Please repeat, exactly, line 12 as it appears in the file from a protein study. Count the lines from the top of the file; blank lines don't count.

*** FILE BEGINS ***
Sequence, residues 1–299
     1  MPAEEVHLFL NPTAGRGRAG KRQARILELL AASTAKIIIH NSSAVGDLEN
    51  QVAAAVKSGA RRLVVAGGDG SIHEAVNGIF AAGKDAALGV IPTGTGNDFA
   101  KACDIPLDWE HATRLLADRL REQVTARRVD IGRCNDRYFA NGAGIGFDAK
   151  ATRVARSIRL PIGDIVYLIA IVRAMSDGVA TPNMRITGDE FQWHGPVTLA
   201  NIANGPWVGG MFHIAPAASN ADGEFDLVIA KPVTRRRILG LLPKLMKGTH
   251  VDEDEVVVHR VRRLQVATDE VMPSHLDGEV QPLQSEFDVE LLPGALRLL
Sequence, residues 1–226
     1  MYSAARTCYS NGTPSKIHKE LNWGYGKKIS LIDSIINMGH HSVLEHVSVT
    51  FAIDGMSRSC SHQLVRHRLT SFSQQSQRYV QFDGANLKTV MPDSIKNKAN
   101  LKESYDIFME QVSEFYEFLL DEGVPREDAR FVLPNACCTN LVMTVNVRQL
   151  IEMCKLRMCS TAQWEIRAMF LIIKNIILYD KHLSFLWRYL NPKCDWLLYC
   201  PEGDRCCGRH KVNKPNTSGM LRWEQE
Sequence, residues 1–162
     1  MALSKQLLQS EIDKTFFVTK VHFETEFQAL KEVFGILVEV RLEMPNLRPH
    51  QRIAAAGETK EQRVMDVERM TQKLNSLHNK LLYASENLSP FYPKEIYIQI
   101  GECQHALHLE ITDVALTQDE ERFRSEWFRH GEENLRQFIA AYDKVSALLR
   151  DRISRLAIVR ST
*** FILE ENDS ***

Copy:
   151  IEMCKLRMCS TAQWEIRAMF LIIKNIILYD KHLSFLWRYL NPKCDWLLYC